"That was definitely my goal (to be a starter). From Day 1, I prepared as a starter. That was my mindset, so it was just a matter of time and patience."
That Shead mentions patience multiple times is hardly a coincidence. He had to test his patience, as well as his faith in the Seahawks, back in 2013 when other NFL teams were offering a spot on the 53 man roster while he was still on Seattle's practice squad. The Seahawks told Shead his chance was coming, he decided to stay, and the payoff came late that season when Shead was part of the first Super Bowl win in franchise history, including a few snaps on defense when Kam Chancellor briefly came out of the game.
"I did have a couple of offers to get moved up onto another team's active roster," Shead said. "I looked into it in detail, and I felt it was best for me to stay here to perfect my game with the best secondary possibly ever to play the game. Best strong safety, free safety, corner, so just to be in that atmosphere here, that was the opportunity I chose to stay here.
"It was definitely a tough choice, because I wanted to play, I wanted to get on the field. But the situation was better for me to be here and wait for my opportunity here. They said I would have an opportunity to come up and play, and eventually I got it. I came up and played, I played in the Super Bowl when Kam Chancellor went down. I'm definitely blessed to have the opportunity that I've had. Now today it was a great decision, I'm sitting here as a starter on the best defense in this league. I won't take it for granted."
While Shead appreciates that his versatility helped him stay on an NFL roster before he was a starter, he also admits he is much more comfortable now that he can focus on one position, the one he played for three of his four seasons at Portland State. And Shead's coaches and teammates have seen growth as well, particularly since Shead shifted his focus to one position last season.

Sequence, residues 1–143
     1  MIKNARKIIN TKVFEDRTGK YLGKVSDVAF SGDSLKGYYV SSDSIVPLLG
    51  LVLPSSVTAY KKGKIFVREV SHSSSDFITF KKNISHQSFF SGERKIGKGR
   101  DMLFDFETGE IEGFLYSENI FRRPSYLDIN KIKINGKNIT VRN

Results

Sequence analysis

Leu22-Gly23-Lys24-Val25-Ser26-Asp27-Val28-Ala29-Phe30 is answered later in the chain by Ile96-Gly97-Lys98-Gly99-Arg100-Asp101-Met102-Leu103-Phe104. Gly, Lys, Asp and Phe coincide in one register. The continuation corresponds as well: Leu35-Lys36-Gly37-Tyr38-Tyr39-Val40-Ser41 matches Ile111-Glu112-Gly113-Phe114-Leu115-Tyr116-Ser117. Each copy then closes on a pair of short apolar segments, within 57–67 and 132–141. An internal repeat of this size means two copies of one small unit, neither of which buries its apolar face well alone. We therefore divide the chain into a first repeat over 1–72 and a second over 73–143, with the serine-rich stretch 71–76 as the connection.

Richard Sherman says the key to Shead's success is a "robotic consistency. He's been incredibly consistent over the years. Whatever they ask him to do right, wrong or indifferent, he going to do it. I think that's something the coaches admire and respect. They understand that they're going to get consistent play out of him for whatever they ask him to do. If they ask him to stay over the top he's going to stay over the top. If they ask him to play the run he's going to play the run. If they ask him to be in the B gap on this play he's going to be in the B gap. Now if you made a mistake and told him to be in the B gap and he had to be in the C gap, he's going to still be in the B gap because that's where you told him to be. I think that type of discipline has allowed him to rise up the depth chart and play as well as he's played.
"He's consistent. He's dependable, he's always available, he's always in the right place at the right time. He's a selfless player, he does whatever is asked of him. He'd probably be the first player to play in a game where you'd play safety, nickel, and corner. The first game he played nickel he had never played nickel before in his life. They just threw him out there and they had tremendous confidence that he'd be able to do his job and he did. I think that's why our team is so incredible and so versatile. You can depend on guys like that to step right in and get the job done."
To defensive coordinator Kris Richard, the biggest growth in Shead has been the result of improved eye discipline. As Richard explains it, "There's a difference between getting back there and staring, and having vision. If you have vision, we're seeing what we're supposed to see. If you're back there staring, you're looking at the quarterback."
Shead's vision helped him, as well as nickel corner Jeremy Lane and Sherman, shine in Seattle's opener. ProFootballFocus.com went so far as to name Shead their highest-rated cornerback in Week 1.
Shead's career could have gone a lot of ways in those early years when he was on the practice squad. He could have signed elsewhere, perhaps becoming a starter sooner, or perhaps not. He could have continued to play as a utility defensive back and never got his shot at corner, or like so many other players on the fringe early in their careers, he could have quietly faded out of the league. Instead, Shead stuck with it, worked his way up with the Seahawks, and now he's starting in a secondary full of All-Pros.
"I'm a big believer in hard work paying off one way or another," he said. "I didn't know if it would be as a starter on this team or not, but that was definitely one of my goals, and here I go now."